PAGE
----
You need to stretch to save your back from pain

By Sherwin Nicholson | SN Health Resources | Updated August 29, 2018

Stretching and Lower Back Pain

Learn how to overcome the initial challenges of stretching

Stretching seems to be easy for those who have:

  1. Few issues with their lower back
  2. Significant flexibility
  3. Well-conditioned muscles

However, for most of the population, those of us who have physical limitations or injuries, and those already with pain, being able to stretch presents a major challenge, a perhaps a deterrent.

Here are the typical reasons people choose to avoid it:

  • Irrelevant for our relief (not sure if it will help)
  • Too difficult (more work than benefit)
  • Does not work for everyone (may have tried it already)
  • Having a particular muscular limit (my injury is too specific)
  • Tried it and it did not help and more (the particular stretch is ineffective)

To really benefit from, you must go beyond the limit

What most of us do not realize, is that there is:

 A specific stretch ‘threshold’ for each one of us.

Before we pass this threshold, there is discomfort and limited flexibility.  We really don’t get any real gains before this point and pretty much all of us stay here.  But, after we cross it, there is significantly much less discomfort and substantial flexibility.

Why do we get stuck?

Were stuck simply because we don’t know that it is there.

Unfortunately, we mistakenly believe that lengthening your muscle becomes more painful as you progress.  We think that it there is more discomfort necessary to progress.  And if your back is hurting you, there is no desire to go any further.

Knowing your threshold is key

The ideal threshold is different for everyone.  For some where it comes easily, their threshold comes quickly and even unnoticed.  For others with added complications, it’s clearly much higher.  If you are using poor form, technique, inadequate time and poor commitment the threshold becomes even higher.

Proper form, technique, time and determination bring this threshold down.  It allows faster healing from soft tissue damage, disc healing, decreased muscle tension and strain and more relief.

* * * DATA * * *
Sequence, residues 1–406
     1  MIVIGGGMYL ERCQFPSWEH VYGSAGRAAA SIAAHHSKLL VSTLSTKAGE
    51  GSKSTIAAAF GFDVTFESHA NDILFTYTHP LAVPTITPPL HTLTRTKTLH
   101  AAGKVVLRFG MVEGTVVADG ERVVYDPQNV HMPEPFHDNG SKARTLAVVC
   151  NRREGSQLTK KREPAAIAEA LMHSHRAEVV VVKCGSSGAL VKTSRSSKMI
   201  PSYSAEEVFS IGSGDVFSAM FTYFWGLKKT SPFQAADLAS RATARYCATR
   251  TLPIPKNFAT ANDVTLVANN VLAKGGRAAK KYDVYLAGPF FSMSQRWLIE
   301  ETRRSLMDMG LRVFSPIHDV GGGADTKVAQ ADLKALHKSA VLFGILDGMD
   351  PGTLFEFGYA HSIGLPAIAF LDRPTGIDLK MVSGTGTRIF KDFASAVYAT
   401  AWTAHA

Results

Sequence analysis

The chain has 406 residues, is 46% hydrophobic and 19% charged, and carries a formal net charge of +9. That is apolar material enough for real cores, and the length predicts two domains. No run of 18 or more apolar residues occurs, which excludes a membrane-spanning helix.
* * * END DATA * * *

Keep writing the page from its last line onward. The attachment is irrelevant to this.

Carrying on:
Muscle tension ruins your desire to do it

Muscles do not relax under pressure or tension unless an extended amount of time is allowed.  This means that you will need to stretch any given muscle group from 30 seconds to a 5 full minutes depending on the type of muscle your working on.

Some muscles are very tense, weak, tight or even injured.  For the first 10 to 30 seconds and sometimes even more, during the activity, your muscles are simply resisting the exercise.

You must ‘out wait’ your muscle!

Sustaining the hold lets the muscle tire and relax. Anytime beyond this initial resistance in where the stretch actually begins.  There is little progress before this point.

Problem areas can be stubborn

Tense lower back, and hip muscles in particular will resist the most.  Who doesn’t have stubborn tight hamstrings and no pain?  Hamstrings are notorious for this resistance.  People with lower back problems have all of these issues.  Worse yet, any pain from these areas also raises the threshold to a level where your time and patience to endure it is thin.

Have a quick warm up before you begin

When you begin, make certain to warm up with some gentle cardiovascular exercise.  You should not be lengthening a muscle if it is injured.  It is better to wait for strains or tears to heal as this muscle will be too resistant when it’s inflamed.

Always Slowly & Never Rush It

In order for the stretch to benefit you, it must be done slowly and never should be rushed.  Minimal but sustained tension that does not cause strain or injury is what you are aiming for.

You’ll find it necessary to invest a lot of initial time for each muscle group affecting your back.  There really is no free lunch as you are not stretching for your time but for the time the muscles needs to resist resisting, relax, release, repair and recover.

The one with the most patience wins

Doing it slowly, although time consuming, is more comfortable and less taxing than rushing through while in discomfort.

The best way to begin is with the exercises illustrated here.  They involve both a strengthening and stretching component. These exercises encourage both passive and active forms and are important for increased flexibility and mobility.  If you can comfortably master each of them, your back will be much better off.

Despite the emphasis on the importance of stretching, it is only one key component of relieving your pain effectively. Another component is mobility.

Next up:

MORE ON STRETCHING AND MOBILITY

References:

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